“Born Yesterday is a winner.”
Those are the words of my colleague, David Siegel, whose review of the gloriously effervescent comedy that just opened at Ford’s Theatre is full of superlatives. “Sparkling,” “shrewd” and “splendid” are just a few of them. (You can read the full review here.)
Of course, it’s hard to go wrong when you have actors like Kimberly Gilbert, Ed Gero, Naomi Jacobson, Todd Scofield, Eric Hissom and Cody Nickel all sharing the same stage.
Nor is it difficult to score big if you’re lucky enough to have a writer like Garson Kanin, whose wit—especially when he takes aim at corruption and pretense—is as penetrating now as it was 72 years ago. And ditto if you have Aaron Posner, whose understanding of character transcends time and place, directing it all at a lively and laugh-filled pace.
Underpinning it all is Kelsey Hunt, a costume designer who understands how to ‘build’ a piece of apparel—‘build’ is the word that designers use because clothing, on stage, is an illusion that must be constructed— and through it, to define the character and the period.
Born Yesterday is set in 1946. It’s right after the war when clothing was a bit more elaborate than it had been a year earlier, when every inch of fabric was needed for making uniforms.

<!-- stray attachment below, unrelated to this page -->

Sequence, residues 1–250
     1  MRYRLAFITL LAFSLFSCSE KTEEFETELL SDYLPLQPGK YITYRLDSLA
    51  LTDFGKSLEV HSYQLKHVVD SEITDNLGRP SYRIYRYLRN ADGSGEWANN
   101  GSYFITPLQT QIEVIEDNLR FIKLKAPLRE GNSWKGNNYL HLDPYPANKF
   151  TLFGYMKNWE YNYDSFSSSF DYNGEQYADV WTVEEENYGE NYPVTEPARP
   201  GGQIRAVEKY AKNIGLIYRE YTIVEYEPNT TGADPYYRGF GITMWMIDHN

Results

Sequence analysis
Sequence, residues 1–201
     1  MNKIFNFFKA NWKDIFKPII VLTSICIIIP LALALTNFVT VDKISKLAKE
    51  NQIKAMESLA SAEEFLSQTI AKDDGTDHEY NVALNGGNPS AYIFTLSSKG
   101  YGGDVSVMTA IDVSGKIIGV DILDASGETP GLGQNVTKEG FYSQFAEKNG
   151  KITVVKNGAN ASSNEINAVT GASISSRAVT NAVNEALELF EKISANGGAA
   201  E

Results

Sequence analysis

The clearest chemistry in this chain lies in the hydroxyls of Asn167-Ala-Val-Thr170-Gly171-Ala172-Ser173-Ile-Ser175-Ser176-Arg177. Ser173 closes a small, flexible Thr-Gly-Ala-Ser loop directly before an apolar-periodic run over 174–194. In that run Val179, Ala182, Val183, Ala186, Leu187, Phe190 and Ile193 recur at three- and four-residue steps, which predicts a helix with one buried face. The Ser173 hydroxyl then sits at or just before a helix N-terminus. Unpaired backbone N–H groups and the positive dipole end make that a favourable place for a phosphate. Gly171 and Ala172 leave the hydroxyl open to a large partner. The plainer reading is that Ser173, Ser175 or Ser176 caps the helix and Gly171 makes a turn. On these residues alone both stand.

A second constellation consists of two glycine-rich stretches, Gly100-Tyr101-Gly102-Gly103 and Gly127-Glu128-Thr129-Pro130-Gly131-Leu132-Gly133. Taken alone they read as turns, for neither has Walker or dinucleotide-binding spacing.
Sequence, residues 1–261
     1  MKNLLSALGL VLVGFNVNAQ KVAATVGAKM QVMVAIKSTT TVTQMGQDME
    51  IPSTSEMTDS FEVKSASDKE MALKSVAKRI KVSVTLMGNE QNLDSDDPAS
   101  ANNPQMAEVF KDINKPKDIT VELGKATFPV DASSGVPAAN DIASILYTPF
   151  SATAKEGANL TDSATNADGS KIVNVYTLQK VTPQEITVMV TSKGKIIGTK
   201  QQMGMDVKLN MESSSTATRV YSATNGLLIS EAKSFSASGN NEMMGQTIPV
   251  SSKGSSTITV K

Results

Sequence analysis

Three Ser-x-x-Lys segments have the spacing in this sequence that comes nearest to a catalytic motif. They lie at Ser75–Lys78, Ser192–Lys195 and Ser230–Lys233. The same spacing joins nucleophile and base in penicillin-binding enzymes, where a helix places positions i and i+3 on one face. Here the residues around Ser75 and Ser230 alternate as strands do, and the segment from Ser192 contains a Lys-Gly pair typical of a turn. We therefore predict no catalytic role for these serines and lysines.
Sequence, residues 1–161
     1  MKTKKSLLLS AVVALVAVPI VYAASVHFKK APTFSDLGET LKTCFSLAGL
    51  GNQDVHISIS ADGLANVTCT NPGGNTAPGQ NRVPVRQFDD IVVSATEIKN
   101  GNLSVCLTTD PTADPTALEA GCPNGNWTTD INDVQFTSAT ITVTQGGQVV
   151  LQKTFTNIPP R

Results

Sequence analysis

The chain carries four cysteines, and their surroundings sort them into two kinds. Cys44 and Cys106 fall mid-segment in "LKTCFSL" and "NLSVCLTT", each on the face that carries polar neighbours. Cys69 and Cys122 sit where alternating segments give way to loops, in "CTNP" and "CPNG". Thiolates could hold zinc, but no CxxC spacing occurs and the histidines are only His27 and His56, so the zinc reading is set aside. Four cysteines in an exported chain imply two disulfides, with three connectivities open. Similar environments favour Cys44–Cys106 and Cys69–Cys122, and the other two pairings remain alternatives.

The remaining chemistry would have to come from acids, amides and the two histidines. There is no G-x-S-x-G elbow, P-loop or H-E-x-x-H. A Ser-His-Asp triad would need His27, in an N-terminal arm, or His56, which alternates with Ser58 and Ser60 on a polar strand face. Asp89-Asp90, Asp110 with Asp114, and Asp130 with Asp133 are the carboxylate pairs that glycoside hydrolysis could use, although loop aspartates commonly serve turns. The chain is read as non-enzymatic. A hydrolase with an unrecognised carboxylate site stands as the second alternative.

“But it’s still utilitarian,” Hunt explained, adding that the ‘new look’—the revolution in fashion ushered in by Christian Dior—did not arrive until 1947. She’s adamant about staying in the period, and does a lot of research, mainly poring over the pages of Time and other magazines.
“A lot of the things we do are almost invisible,” she said. “We operate on a very subtle level so that audiences are not aware of the ways in which we’re evoking key characteristics.”
For example, Billie (the “dumb blond,” played to glorious effect by Kimberly Gilbert) and Paul (the idealistic young writer for the New Republic, played by Cody Nickell) are clearly meant for each other. They are always dressed in rich colors, yet the audience may not notice.